Impossible Dreams

Today’s Book Club Monday over at High Calling Blogs…which means I’m thinking about chapter four of Make the Impossible Possible by Bill Strickland.

What’s impossible? In Strickland’s book, he talks about taking on a training center that was falling apart at the seams. The building was crumbling, the students could often be found sitting against the building shooting drugs, one of his teachers pulled a gun on a student. Finding funding to keep even this minimally effective program going was a full time job, and the center teetered on the edge of failure daily. Strickland himself began a downward spiral of depression and drinking that brought him to rest at rock bottom.

And then he found a dream. He looked out his window at an empty lot near the center…and saw in his mind’s eye a way to change the hopelessness that seemed to be pulling him…and the Bidwell training center…ever downward. A new building! A beautiful new building, designed by and architect who had studied under Frank Lloyd Wright…a building of light and air, beauty and form and function. A building that would lift the expectations and dreams of those who entered it to a new level.

Strickland then did what many of us would never dream of doing. He hired the architect to make a model of the building he dreamed of. He did this with no financial backing, no solid plans for funding, and no way of knowing how he would pay the $10,000 bill for the architect…much less the millions of dollars needed to build the actual structure. He set off yet again, knocking on doors and sharing his dream. This time, he carried his impossible dream with him in the form of cardboard architect’s model of the future building.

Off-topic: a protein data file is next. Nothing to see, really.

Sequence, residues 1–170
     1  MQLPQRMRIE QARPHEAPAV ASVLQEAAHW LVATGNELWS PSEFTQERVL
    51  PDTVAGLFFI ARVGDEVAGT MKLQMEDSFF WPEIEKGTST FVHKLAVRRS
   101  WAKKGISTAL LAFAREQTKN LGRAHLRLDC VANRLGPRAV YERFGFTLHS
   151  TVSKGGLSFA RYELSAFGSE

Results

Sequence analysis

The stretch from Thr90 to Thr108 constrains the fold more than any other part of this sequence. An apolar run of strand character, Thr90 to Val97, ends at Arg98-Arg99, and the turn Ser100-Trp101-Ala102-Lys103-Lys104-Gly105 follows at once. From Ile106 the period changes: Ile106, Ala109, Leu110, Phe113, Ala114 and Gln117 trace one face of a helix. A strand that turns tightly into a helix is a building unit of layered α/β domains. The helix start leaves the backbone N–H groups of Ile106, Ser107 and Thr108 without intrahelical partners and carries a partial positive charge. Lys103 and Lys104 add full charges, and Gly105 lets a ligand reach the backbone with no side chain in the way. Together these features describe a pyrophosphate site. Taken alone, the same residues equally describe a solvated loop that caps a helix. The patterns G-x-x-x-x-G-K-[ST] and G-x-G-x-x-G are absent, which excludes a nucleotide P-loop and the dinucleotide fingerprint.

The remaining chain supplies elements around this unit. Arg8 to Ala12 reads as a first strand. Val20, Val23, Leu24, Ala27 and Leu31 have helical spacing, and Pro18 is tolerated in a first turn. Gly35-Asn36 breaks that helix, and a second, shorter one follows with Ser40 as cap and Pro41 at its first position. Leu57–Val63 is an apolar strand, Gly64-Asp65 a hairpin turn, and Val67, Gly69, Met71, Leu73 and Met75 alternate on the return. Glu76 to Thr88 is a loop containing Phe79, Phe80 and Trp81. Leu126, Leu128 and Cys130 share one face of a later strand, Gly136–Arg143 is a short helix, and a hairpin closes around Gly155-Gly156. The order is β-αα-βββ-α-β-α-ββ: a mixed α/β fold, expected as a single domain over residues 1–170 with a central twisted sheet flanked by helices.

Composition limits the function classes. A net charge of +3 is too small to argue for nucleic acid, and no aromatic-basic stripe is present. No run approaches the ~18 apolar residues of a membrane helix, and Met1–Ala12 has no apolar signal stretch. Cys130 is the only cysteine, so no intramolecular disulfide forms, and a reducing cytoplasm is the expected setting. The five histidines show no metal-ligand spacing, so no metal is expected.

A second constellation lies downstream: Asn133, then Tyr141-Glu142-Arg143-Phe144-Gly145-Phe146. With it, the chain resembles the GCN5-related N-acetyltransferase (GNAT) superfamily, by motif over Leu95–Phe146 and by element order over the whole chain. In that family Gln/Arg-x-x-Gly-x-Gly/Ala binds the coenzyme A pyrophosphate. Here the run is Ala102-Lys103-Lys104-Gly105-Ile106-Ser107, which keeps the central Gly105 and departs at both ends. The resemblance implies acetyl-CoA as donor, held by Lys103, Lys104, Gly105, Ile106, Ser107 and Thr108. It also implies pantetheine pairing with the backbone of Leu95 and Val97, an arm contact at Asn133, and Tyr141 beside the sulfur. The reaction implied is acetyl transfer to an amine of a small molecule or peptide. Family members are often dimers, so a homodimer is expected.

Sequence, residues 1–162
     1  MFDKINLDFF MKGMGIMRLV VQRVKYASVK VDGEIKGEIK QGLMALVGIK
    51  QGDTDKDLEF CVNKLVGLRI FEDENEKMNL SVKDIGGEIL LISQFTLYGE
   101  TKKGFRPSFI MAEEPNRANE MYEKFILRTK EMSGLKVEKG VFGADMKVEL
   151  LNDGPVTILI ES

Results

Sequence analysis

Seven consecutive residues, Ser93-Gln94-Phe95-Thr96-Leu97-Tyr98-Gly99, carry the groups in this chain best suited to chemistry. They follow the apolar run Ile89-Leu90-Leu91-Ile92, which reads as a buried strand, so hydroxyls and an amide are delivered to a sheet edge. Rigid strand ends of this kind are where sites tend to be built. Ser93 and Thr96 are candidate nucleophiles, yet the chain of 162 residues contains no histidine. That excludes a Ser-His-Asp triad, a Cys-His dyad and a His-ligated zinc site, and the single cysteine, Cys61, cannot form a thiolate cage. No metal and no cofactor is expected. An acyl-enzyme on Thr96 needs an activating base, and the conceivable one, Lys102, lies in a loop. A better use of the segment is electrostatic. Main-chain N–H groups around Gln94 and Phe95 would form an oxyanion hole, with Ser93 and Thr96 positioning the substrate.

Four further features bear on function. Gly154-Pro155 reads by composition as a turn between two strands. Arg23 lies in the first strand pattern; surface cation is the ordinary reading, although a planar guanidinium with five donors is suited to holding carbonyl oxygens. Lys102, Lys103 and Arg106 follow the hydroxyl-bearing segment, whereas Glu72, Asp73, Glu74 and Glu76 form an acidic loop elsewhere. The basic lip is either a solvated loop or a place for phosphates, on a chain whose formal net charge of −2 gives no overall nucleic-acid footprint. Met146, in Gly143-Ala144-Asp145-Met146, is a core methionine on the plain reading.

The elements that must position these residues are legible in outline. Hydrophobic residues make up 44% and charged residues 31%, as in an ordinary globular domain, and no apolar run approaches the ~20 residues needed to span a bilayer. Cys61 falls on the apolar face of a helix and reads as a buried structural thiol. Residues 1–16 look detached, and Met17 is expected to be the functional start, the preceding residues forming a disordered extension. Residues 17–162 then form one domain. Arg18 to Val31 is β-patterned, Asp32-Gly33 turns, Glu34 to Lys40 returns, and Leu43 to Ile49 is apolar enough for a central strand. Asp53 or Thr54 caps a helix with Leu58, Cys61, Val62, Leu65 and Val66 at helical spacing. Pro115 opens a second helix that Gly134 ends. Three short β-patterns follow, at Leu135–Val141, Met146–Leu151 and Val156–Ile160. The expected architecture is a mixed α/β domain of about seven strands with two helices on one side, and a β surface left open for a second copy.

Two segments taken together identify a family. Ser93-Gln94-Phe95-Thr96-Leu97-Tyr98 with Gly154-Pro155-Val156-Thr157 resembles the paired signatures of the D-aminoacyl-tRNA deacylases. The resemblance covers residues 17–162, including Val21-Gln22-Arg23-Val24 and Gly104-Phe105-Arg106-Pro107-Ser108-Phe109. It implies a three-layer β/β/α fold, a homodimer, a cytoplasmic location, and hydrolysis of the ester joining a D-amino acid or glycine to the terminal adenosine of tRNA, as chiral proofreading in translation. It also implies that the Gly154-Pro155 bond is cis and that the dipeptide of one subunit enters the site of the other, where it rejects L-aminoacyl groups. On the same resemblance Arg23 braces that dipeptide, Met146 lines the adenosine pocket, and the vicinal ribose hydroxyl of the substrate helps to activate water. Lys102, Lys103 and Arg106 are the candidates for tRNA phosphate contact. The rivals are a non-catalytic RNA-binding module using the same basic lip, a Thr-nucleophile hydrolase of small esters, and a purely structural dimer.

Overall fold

His vision was contagious, and others signed on to his dream. The Manchester-Bidwell center was born, a beautiful and artistic building where dreams had the space and light to thrive.

What’s impossible? I’m sure if you had asked many people if Strickland’s dream was possible, they would have responded with a resounding “No”. And yet….

Awhile ago I found some film clips on a sport called Parkour (or “free running”). What struck me about this sport is how impossible it seems! If I hadn’t seen this, I would have told you that it’s impossible to run up walls, to jump from building to building. And yet here it is!

These athletes didn’t just wake up and decide to run up walls or flip themselves through the air one morning. They worked hard, training daily for the sport. They practiced over and over, they tried…and failed…and tried again. It’s not without serious risks, and the people who embrace this sport frequently do incur injury…sometimes, serious injury (read: Do not try this at home, kids!). But they have a dream in mind, and they are willing to take this risk in order to achieve it. Parkour inspires me, not to try free running but to try to break the limitations I have imagined in my mind and re-define my idea of impossible.

Note: You will want to pause the music over on the right sidebar…just click on the tiny ” symbol on the ipod device, on the bottom of the circle.

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2 thoughts on “Impossible Dreams

  1. Oh my goodness, Erica. Who could ever imagine something like this is going on out there? It really gives a liberating feeling watching these folk fly through the air!It reminds me of the fictional people the Feechiefolk from Jonathan Rogers Bark of the Bog Owl Triligy. They traveled by swinging from tree to tree. You are right, dreams don’t just happen (unless one is very, very blessed). Lot’s of hard work in Strickland’s past. Very inspiring.

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